- Soft brown sugar: Make sure that the brown sugar you use for the goo is the soft kind that feels like wet sand. Using the other coarse kind of brown sugar like the demerara kind, will cause the goo to be coarse in texture and will not dissolve into the butter. The texture will just be off. Brands I love using are Dominos and Red Path from when I used to live in Canada.
- Use the entire amount of goo: Don’t be afraid to use all of it. If you don’t, the cake won’t be as gooey and might end up of the dry side.
- Piping tip size: Make sure that your piping tip or opening of your zipper lock bag is not larger than 1/2inch or 1 1/2cm in diameter. If your piping is too thick, the goo will be too heavy for the batter to hold up and will be more prone to sink, again losing all the swirly details.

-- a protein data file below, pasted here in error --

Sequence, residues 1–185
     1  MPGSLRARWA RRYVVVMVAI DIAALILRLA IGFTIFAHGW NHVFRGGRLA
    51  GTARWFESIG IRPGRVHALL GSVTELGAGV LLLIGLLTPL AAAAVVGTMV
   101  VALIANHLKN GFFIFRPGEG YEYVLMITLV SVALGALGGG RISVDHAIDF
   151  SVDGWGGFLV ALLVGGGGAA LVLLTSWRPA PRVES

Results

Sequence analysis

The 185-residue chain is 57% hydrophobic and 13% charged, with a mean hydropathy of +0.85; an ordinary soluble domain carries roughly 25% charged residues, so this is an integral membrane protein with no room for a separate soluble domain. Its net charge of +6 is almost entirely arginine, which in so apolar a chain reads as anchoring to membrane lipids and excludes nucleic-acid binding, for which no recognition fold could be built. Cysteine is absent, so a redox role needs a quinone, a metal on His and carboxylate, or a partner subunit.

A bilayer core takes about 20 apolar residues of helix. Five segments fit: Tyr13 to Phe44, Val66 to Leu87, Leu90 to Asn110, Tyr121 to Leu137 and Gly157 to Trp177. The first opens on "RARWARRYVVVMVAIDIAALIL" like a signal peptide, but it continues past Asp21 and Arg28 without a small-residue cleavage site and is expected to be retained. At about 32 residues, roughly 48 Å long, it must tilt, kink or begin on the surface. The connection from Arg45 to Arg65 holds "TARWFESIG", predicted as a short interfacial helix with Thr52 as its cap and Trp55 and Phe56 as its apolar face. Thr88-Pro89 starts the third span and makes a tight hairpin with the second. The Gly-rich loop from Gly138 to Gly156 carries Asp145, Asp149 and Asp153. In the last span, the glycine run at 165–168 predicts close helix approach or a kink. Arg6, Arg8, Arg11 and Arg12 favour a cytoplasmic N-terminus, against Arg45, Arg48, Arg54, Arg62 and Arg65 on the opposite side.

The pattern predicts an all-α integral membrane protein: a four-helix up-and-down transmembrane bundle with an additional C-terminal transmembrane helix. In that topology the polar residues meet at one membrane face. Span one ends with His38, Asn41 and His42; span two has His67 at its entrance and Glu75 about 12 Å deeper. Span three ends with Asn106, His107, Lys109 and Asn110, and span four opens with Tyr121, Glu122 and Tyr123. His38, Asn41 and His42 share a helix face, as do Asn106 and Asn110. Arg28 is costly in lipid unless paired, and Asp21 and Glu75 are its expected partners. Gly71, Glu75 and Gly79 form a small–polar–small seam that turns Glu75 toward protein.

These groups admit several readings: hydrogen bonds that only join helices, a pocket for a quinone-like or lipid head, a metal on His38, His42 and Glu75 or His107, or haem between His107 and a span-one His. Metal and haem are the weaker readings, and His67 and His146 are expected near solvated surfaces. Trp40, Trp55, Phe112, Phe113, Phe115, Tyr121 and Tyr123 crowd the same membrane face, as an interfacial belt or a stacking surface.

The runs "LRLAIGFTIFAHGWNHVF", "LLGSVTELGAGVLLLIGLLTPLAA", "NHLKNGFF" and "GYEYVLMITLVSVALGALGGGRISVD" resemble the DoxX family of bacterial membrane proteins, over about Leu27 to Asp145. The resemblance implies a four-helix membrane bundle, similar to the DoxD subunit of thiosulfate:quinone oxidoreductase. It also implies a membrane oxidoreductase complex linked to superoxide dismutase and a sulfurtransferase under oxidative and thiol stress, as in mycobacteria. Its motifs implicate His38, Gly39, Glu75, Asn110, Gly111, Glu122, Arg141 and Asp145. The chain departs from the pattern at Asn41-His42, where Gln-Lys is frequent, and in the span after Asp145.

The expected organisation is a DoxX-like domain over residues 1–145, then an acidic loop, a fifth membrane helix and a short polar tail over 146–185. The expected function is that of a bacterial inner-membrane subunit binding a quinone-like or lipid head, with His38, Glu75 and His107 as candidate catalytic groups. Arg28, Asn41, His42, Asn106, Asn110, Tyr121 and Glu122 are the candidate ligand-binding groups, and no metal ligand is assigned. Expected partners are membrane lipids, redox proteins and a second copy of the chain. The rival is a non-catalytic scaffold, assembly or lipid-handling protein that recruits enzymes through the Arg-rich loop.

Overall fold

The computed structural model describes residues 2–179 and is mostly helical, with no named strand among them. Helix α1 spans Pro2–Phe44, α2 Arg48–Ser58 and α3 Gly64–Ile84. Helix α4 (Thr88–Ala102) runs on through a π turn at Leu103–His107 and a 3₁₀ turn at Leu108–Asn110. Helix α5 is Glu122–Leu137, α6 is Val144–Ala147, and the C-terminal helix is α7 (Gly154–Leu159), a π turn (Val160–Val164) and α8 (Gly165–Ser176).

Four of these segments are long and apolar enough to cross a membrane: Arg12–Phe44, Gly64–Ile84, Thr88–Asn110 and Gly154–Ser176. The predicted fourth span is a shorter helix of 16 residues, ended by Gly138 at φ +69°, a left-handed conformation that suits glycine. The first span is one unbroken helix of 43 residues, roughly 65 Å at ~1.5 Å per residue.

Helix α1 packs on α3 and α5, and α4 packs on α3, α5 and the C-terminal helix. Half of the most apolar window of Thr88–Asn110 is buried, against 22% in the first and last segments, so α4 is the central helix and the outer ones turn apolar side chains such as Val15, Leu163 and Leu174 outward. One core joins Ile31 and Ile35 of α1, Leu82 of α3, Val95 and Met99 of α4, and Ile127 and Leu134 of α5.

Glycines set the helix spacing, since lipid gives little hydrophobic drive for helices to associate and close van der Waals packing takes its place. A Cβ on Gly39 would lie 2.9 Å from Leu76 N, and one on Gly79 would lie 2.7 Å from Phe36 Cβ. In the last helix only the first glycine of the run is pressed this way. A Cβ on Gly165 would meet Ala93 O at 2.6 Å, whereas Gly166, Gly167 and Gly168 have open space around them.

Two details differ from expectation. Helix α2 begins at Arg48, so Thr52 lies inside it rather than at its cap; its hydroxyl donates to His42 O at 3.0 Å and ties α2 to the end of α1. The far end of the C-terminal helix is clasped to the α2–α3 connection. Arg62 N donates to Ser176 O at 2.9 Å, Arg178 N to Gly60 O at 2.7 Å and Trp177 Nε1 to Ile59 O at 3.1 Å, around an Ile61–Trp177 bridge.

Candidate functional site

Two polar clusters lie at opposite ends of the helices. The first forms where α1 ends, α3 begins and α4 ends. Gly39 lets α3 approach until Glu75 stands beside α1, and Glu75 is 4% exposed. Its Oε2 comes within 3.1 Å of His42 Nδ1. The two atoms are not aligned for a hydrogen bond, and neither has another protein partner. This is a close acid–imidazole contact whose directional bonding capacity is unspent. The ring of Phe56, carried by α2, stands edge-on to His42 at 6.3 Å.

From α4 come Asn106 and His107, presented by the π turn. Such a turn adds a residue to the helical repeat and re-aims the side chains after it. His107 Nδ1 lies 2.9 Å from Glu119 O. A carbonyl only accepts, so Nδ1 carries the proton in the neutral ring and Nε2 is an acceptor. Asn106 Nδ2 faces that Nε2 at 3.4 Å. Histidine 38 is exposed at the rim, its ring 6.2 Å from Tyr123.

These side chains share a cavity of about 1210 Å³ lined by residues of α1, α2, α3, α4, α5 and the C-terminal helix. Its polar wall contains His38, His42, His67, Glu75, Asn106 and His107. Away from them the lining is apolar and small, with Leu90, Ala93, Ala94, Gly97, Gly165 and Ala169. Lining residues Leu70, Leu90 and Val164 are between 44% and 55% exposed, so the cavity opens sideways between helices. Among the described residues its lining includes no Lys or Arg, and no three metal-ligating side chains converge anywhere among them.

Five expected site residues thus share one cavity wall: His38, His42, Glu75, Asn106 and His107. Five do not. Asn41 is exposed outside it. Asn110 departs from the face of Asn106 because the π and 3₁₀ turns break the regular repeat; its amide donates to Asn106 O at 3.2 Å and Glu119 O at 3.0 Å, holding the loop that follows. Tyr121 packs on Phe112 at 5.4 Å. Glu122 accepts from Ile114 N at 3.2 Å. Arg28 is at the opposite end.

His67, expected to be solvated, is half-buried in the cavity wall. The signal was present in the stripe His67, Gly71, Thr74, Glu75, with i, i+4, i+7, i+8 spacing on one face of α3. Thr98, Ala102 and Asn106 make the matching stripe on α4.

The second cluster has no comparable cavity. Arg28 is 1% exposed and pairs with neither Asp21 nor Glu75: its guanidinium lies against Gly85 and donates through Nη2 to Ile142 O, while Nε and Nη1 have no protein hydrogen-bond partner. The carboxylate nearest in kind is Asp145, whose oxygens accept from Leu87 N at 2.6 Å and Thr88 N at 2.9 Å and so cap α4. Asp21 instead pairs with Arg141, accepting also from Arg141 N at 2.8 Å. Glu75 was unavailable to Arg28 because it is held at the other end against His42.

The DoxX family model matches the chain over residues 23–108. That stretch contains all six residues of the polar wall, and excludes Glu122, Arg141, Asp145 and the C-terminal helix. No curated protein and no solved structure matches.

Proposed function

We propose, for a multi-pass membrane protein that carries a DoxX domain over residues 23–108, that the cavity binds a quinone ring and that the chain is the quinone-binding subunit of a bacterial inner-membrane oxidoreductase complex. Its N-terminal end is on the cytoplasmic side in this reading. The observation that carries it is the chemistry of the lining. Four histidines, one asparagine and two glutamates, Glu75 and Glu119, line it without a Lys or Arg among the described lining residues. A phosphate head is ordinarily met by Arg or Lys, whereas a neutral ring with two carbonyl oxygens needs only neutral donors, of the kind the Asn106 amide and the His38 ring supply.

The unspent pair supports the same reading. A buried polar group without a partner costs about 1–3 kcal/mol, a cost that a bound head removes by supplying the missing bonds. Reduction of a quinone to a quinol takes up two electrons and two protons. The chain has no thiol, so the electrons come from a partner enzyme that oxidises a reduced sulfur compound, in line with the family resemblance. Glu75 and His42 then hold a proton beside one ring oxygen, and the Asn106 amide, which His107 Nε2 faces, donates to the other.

- Consider the 9X13 baking pan method: If you’re looking for an easier, fuss-free method to make this cake that does not require meticulous piping or don’t have the correct round pan size, then I highly recommend foregoing the round pan and use a 9X13inch baking pan like a pyrex instead. I have detailed instructions of doing that in the ‘Notes’ section of the recipe. Basically you pour the batter in a rectangular pan, drop random spoonfuls of the goo right on top of the cake batter, give it a few swirls with a knife or skewer and that’s it. You don’t even need to unmold the cake from the pan because its served right from it.